Covid-19 has raised privacy questions around the world but nowhere more so than the EU, which has the world’s strictest data-protection regime. Regulators are scrambling to invoke exemptions to the General Data Protection Regulation, while governments are desperate to roll out new contact-tracing apps, among other measures, to support the lifting of their lockdowns. But those apps also show why they can’t ignore privacy concerns, as they will need buy-in from a majority of citizens if they are to be effective.
In this webinar, MLex data-protection regulation experts Matthew Newman and Vesela Gladicheva will dive deeper into the various changes thrown up by the pandemic, as well as the broader privacy picture over the past six months, including:
- Contact-tracing apps – We will discuss how Europe is divided between countries that are opting for a Bluetooth-based system under development by Apple and Google, and those such as the UK and France that are opting for home-grown technology. What are the privacy risks for these apps and how are countries balancing these risks against the need to fight the virus?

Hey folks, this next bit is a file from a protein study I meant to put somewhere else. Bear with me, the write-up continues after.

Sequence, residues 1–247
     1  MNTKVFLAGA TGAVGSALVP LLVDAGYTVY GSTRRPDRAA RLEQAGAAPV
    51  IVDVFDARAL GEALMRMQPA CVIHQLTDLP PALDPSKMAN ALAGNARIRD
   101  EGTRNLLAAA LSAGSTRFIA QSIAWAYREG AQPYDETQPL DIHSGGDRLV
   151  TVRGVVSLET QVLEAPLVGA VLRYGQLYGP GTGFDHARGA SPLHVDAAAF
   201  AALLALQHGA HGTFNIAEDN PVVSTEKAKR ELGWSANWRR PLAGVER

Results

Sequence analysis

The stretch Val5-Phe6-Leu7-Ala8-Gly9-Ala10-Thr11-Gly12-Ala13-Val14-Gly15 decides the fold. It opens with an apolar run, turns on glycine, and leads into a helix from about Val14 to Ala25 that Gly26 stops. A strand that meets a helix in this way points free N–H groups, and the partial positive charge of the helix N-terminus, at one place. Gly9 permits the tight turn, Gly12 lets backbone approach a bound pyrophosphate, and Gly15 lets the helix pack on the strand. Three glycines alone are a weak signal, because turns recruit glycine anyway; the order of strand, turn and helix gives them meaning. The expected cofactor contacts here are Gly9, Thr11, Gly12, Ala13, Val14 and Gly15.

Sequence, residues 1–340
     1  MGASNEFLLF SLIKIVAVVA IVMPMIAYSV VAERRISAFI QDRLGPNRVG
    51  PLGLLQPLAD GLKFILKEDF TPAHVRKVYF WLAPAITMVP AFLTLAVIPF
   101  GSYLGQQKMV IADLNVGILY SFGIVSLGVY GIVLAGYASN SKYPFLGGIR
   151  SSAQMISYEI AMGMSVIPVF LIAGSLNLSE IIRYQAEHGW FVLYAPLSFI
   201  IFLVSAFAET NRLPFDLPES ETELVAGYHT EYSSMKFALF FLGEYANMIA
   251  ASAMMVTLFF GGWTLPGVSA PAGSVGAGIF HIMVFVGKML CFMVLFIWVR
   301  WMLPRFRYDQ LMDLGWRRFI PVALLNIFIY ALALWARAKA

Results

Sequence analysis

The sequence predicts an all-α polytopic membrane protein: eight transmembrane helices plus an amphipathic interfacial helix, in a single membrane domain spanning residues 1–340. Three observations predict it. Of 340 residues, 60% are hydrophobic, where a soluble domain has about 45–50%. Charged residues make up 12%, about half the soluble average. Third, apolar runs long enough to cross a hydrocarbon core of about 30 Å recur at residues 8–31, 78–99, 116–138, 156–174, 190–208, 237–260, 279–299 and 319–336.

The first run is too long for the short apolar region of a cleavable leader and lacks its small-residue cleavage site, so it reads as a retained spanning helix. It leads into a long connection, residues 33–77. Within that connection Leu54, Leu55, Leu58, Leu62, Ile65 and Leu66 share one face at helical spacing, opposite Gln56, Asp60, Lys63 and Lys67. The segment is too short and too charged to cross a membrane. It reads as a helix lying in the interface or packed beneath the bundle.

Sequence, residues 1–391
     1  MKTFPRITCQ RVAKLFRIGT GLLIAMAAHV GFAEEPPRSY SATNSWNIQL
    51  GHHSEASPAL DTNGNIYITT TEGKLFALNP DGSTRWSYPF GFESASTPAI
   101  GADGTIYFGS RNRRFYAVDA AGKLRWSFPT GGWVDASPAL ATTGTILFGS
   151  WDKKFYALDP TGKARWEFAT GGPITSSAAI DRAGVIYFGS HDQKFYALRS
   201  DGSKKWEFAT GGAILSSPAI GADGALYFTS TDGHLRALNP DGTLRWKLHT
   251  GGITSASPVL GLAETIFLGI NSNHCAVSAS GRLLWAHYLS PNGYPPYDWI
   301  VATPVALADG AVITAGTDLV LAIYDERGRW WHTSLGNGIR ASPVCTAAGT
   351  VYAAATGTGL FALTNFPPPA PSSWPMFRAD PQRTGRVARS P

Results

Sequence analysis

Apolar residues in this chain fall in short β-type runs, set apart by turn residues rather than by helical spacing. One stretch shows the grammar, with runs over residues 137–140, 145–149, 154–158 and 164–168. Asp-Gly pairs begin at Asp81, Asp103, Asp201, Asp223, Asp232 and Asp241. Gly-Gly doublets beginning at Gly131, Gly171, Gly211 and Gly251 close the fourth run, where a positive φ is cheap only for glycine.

- Working at a reduced capacity – How has the pandemic affected data-protection authorities’ investigations and priorities? Vesela will describe the latest developments in the British Airways and Marriott International probes in the UK and the outlook for smaller fines.
- Covid-19’s impact on EU Internet platform legislation: The European Commission will propose the Digital Services Act this year which will impose responsibility on social media sites for “content moderation.” Covid-19 has put a spotlight on how these platforms have failed to clamp down on misinformation about the virus – from false cures to conspiracy theories on its origin.
- Broader trends in national data-protection authorities’ decisions, including high-profile cross-border cases involving tech giants including Apple, Facebook, Google, LinkedIn and Twitter. We will discuss the Irish Information Commissioner's Office’s investigations into these cases, as well as online and behavioral advertising. Depending on developments, we’ll discuss why these probes have taken so long and problems with the GDPR’s one-stop-shop mechanism.